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Tornado Tips: Marketing for Sales Velocity

Do you have social media guidelines in place?

small business social media guidelines

Every business should have a social media policy – or at least social media guidelines – in place.  I’ve seen way too many small businesses damage their credibility when employees:

  • Post internal company “news-that-should-not-be-public” news – firings, workplace drama, whining about customers, or complaining about management. 

  • Respond negatively to criticisms or complaints.  Some companies have been able to create positive spin, like this Restaurant Owner responding to a negative Yelp review, However, responding when emotions are high is in general a bad idea. If you want to see an epic fail, Amy’s Bakery Facebook Meltdown is a sober reminder of what can happen when tempers flare online.   

  • Pretend to be anonymous. People can tell when you are biased. Be forthcoming about your relationships to the company. Are you an affiliate? An employee? The owner? 

  • Take a controversial stance - or just be a jerk online. In a small business, and especially in a solopreneurship, personality and brand are closely aligned.  Be aware that sharing strong religious or political opinions can have negative repercussions on your business.  See my prior blog post on defining your own personal and professional balance when using social media marketing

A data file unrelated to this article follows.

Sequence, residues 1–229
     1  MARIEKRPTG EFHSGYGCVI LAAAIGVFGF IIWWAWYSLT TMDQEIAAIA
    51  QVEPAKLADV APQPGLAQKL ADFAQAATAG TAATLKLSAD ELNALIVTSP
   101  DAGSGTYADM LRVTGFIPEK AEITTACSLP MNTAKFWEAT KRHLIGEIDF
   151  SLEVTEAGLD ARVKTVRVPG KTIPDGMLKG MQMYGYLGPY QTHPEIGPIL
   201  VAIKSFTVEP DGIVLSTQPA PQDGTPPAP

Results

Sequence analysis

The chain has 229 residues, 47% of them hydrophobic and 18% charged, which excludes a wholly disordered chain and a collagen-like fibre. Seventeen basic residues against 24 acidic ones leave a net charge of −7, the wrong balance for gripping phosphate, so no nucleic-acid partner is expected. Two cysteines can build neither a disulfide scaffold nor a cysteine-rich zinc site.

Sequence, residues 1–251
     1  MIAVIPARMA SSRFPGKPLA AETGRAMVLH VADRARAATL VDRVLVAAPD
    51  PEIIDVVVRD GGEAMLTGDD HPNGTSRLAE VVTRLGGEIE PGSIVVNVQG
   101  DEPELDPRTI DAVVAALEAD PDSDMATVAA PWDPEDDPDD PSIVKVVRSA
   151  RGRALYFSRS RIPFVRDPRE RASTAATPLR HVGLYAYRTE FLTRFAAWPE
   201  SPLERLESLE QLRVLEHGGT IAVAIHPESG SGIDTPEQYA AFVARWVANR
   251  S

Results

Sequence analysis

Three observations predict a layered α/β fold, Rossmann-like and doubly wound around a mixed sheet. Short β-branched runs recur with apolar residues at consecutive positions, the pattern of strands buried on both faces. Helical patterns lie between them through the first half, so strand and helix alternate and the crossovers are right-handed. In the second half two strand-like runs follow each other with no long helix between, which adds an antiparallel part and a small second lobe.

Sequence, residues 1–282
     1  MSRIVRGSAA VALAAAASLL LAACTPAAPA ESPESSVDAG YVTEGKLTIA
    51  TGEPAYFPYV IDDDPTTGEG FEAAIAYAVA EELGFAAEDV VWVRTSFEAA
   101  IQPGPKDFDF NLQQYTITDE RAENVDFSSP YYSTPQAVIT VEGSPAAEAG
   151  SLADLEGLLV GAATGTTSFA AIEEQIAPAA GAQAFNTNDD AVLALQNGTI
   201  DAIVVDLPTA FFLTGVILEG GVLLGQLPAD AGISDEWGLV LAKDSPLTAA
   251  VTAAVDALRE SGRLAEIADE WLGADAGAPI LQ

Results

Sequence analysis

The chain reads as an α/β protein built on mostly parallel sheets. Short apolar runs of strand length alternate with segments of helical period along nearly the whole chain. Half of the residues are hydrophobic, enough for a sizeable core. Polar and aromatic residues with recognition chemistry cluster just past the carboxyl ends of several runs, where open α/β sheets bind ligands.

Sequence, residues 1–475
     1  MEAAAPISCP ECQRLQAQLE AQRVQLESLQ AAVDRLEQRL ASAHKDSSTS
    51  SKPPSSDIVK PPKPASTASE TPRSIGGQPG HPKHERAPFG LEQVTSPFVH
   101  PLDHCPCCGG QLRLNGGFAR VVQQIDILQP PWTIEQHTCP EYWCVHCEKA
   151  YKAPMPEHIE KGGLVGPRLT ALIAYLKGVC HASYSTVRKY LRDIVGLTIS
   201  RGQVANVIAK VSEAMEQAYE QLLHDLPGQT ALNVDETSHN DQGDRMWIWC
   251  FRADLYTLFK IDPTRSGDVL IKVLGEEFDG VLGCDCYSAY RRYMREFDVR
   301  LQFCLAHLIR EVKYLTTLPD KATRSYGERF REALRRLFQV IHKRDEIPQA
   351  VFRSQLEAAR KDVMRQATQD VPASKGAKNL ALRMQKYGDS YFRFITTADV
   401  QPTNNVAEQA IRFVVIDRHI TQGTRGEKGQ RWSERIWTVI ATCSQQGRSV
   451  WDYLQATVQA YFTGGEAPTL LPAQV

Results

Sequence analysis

How to Create Your Small Business Social Media Guidelines

My recommendation is that your social media guidelines start with these 5 simple principles, and you can grow from there. 

  1. Be honest about who you are. Disclose your affiliation with your employer  if you are in a company / competitor related discussion.  Don’t post anonymously.

  2. Your actions reflect on the company.  You may be speaking for yourself, but please maintain awareness that the things you say and do online may have an impact on the company overall.

  3. Ask permission.  Respect confidentiality.  Ask for people’s permission before posting their picture.

  4. Be polite.  Maintain your cool. If a customer says something that’s upsetting, don’t respond until you are calm. Don’t bash competitors online.  If things get heated, walk away from the conversation. Ask for help if needed.

  5. Be aware.  Remember that everything that goes on the internet can go anywhere and everywhere.

What would you add to this list? Any other epic failures you've seen lately?

Adrianne

Inbound Marketing Assessment

Topics: Social Media Marketing Small Business Marketing Tips